Shailza Dasgupta had always aspired to make a difference in people’s lives. After having spent over a decade in the corporate world, including Google and McKinsey & Company, she decided to launch a startup in something that was challenging.
Travel was her passion, and she would often write for publications including National Geographic Traveler and The Hindu. So, it was not a surprise when she ventured twice into startups in the travel and tourism space.
In April 2017, Shailza, along with her friend Vinod Verma, a travel photographer, founded Homestays of India (HOI) with five homestays in Spiti valley, Himachal Pradesh. In less than three years, the Delhi-based startup has onboarded more than 110 homestays across 21 states in India, while targeting more.
“During our travels, we realized there are many small family-run homestays in remote regions that solely rely on walk-in guests. There is no dedicated platform to showcase these homestays where they can get the required visibility,” Shailza recollects.
Before that, in 2010, she had founded Chalo Let’s Go, a startup which designed and coordinated travel packages for tourists. It ran successfully for a few years. Meanwhile, Homestays of India started taking off. Shailza wanted to give her full attention to the new startup and shut down Chalo Let’s Go.
Homestays: The Face of Real India
Owing to the duo’s travel profiles, both Shailza and Vinod had a vast network of people running homestays, from whom they could understand the challenges and subsequently devise solutions. After research, they created a simple platform that provided homestays with an online presence and connected them to travelers looking for unique cultural experiences.
Shailza elaborates, “Travel trends are changing, and people want unique experiential stays. Homestays give an opportunity to experience the local culture, traditions and the taste of India's rich cuisine. Homestay owners host their spaces in many different ways, which makes each experience unique.”
According to her, besides tourists, families also choose HOI to spend quality time during their children’s summer/ winter vacations. “Staying with another local family and following their traditions and culture is a good exposure for kids. If it’s a farm stay, they get introduced to farm activities like organic farming, cow milking, fruit plucking etc.,” she says.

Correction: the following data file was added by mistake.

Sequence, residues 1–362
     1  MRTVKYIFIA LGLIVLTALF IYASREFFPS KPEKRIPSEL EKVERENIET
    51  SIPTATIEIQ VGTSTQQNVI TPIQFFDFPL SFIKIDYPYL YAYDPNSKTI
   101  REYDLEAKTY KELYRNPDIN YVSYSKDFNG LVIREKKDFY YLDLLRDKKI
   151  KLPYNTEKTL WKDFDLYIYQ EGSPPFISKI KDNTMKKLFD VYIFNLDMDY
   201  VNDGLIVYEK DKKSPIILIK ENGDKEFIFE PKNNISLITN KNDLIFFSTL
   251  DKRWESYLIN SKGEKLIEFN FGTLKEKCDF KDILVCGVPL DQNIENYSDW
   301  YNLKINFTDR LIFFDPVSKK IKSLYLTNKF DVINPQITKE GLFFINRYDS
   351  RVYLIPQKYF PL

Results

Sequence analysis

HOI’s customers also include retired couples, students, research scholars from foreign universities, solo travelers, and writers looking for quiet, safe places , and foreigners who want to experience Indian culture. “We also plan to offer HOI trips to travelers very soon for unique experiences in unexplored destinations,” Shailza adds.
Promoting Responsible Tourism
The startup also trains hosts in various aspects of hospitality, such as handling guests, basic English speaking, maintaining hygiene, homestay management and adopting eco-friendly practices.
For instance, homes registered on HOI do not use plastic in any form, including packaged snacks, and offer home-made alternatives. Besides, HOI encourages homestay owners to use solar energy and implement water harvesting, that is supported by many state governments. “We also encourage tourists to use electricity and water responsibly and use local transport so the local economy can benefit in the long term,” adds Shailza.
Guests’ feedback is also sought regularly and improvement efforts are made accordingly. To help homestay owners deal with challenges like difficult customers, bad feedback etc., the startup organizes regular problem-solving sessions by industry experts. Meetups and trips are also held for hosts to share their experiences.
Additionally, HOI also conducts health workshops to train hosts in using blood pressure meters, thermometers, glucometers etc. to handle health emergencies, as hospitals are often 50-60km away from rural areas and hilltops. Every house registered on HOI has emergency medical kits and youngsters are taught how to use it.
Women Empowerment at Grassroots Level
Shailza notes that most users choose HOI since hosts are families and not individuals. “It lends a sense of security to solo travelers, especially women.”
She adds that when HOI brings a home on board, female members of the owners’ families are encouraged to be actively involved in managing the homestays and handling finances so that they are financially independent. She cites the example of Beena Dangwal, who was a house-wife in Sunkiya village near Mukteshwar, a tourist destination in Uttarakhand.
“Beena was extremely shy when we first met her. But with our training along with her husband’s support and encouragement , Beena’s personality has changed entirely. She is now the village sarpanch and has even gotten other women to join HOI,” Shailza says proudly The team also counsels the menfolk about the long-term benefits of an alternative income and women’s financial independence.
Major work is being done in Sunkiya, where HOI has created a ‘Sustainable Community Homestay Village’ model. The programme aims to onboard a minimum of five houses in the same locality, all converted into homestays so that larger groups of up to 20 people can stay in them. “ We plan to replicate this model in 30 villages this year,” Shailza adds.
HOI also trains local youths of the area in tourism activities like being trekking guides, handicrafts, cookery etc. so they are employed in the village itself. Shailza hopes this will plug migration to metro cities in search of jobs.
(Edited by Priyam Nayak)